Single seniors make a written list of characteristics in a potential mate

On Life and Love after 50 eNewsletter – May 28 2021

by Thomas P. Blake author and columnist

When I started writing dating columns 26 years ago, I promised myself I would not write about politics or religion. That commitment hasn’t changed.

One of our Champs sent an email this week stating, “I realize you have to be careful with your column topics but the information in the enclosed attachment is a good guideline for me in finding a serious relationship.”

The Champ, a friend in his 70s, knows I avoid religious and political topics. So when I read his email, I assumed the attachment had something to do with politics, religion, or both.

It did, sort of. The attachment was called “Pastor Rick’s Daily Hope,” written by Rick Warren, the founder and senior pastor of Saddleback Church in Lake Forest, California’s largest church. Warren’s headline read: “Let God Guide Your Choices.”

Although the attachment appeared to be about religion, I opened it, eager to see how it might help my friend find a mate. I thought if the information was helpful to him, it might benefit other single seniors as well.

Warren listed five characteristics to avoid when choosing a potential marriage partner and two characteristics that a mate should have. Warren cited a biblical reference to each characteristic. I assumed those references were what my friend alluded to that I don’t normally write about.

I read what Warren wrote and feel his seven items make a lot of sense for senior singles. (Warren’s Bible references are not included).
Five must-nots are listed first
1. Whomever you marry must not be nursing uncontrolled anger. Uncontrolled anger reveals deep insecurity and low self-worth.
2. “Whomever you marry must not be stuck in an addiction. There are hundreds of ways to get addicted.
3. “Whomever you marry must not be harboring bitterness. Bitterness is like poison. It eats you alive.
4. Whomever you marry must not be selfish. When it comes down to it, the number one cause of conflict in marriage is selfishness.
5. Whomever you marry must not be greedy. If you marry a greedy spouse, you will be in debt your entire life.”

And two must-have items are listed next

6. Whomever you marry must be generous and kind.
7. Whomever you marry must tell the truth. Love is based on trust, and trust is based on truth. If you don’t tell me the truth, I can’t trust you. And if I can’t trust you, how can I love you?”

Warren also addressed a common mistake that singles make when choosing mates. He suggested that when a potential mate has one or more of the negative qualities he listed, the potential mate should be avoided “ matter how good-looking, rich or nice they are.” (The italics are mine).

Those words struck a chord with me. I remember years ago writing a column titled, “But She Was Beautiful.” I wrote about a date I’d had with a very attractive woman.

She was rude to the waitress at the restaurant and said when I took her home, “Next time I’d like to go to a more upscale restaurant.” And then she added, “Do you have a nicer car than the Suzuki Sidekick you picked me up in today? I was afraid a friend might see me.”

I ended that column with the words, “But she was beautiful” as if I were rationalizing that tolerating her negative qualities was okay because of her beauty. Of course, I didn’t ask her out again.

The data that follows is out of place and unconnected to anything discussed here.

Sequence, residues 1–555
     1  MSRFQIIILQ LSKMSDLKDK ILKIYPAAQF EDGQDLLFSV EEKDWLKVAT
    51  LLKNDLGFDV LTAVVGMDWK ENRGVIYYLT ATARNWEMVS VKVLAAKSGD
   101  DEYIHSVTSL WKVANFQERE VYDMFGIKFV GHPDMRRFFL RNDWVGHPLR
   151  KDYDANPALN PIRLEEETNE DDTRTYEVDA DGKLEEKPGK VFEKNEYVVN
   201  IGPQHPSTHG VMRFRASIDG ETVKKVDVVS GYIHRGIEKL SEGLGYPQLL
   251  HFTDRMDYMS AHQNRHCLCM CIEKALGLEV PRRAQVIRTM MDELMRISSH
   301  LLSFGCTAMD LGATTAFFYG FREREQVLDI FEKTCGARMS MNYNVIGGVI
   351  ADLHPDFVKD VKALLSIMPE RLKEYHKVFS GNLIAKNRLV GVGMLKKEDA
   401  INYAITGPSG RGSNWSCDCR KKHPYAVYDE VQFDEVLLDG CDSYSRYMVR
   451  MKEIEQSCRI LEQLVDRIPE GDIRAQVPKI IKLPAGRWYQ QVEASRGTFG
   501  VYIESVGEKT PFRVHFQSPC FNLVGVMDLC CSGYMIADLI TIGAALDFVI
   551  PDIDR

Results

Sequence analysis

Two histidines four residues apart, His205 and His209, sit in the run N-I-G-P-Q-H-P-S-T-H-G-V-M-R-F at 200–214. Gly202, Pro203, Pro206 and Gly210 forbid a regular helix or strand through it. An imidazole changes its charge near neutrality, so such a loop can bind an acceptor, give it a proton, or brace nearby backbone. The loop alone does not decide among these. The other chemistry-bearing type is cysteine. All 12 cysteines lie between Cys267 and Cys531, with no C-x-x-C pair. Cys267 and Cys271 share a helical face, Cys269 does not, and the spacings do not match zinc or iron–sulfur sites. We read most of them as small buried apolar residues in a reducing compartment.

My friend concluded his email with, “I wonder what qualities other single seniors think are important? I’d better get busy making my list.” 

I can think of two modern-day issues that senior singles will likely consider when evaluating whether a person would be a suitable mate for them. They could be considered “hot-potato” issues. 

The first: political-party affiliation. With the country so divided politically, people belonging to different political parties might be too opinionated for each other. 

The second characteristic has emerged because of the pandemic: Are both parties vaccinated for Covid-19? I read a recent survey that stated one in four people require proof of a Covid-19 vaccination before going on a date. The people surveyed were under age 55. 

So, considering Pastor Warren’s seven items, plus the common mistake he mentioned, and the two “hot potato” modern-day issues, my friend should be able to create an effective written list of the qualities he seeks in a partner.

Plus, he’ll likely add other characteristics that are important to him. I recommend all senior singles who are dating have a written list of qualities wanted in a mate. Whoops! I mentioned both politics and religion in today’s article. But, I don’t think I seriously infringed upon my 26-year-old promise to avoid those topics. After all, I need to stay current with what’s happening in the senior dating world. 

Senior downsizing and getting rid of stuff

On Life and Love after 50 eNewsletter May 21 2021

by Columnist Tom Blake

Senior downsizing, relocating and getting rid of stuff

As we age, we start to realize that we may need to make some changes in our lives such as possibly relocating, downsizing, and clearing out clutter and “stuff.”

Last week, the above message was delivered to me loud and clear.
My nephew Derek made a special trip from Dallas to California to meet with me for three hours and then he met with my sister for three hours in heart-to-heart discussions.

Derek’s dad, our brother Bill, passed away on January 19. Derek is the executor of Bill’s estate. And while there was a will and estate plan, Derek said there was so much stuff that executing the estate had been a nightmare.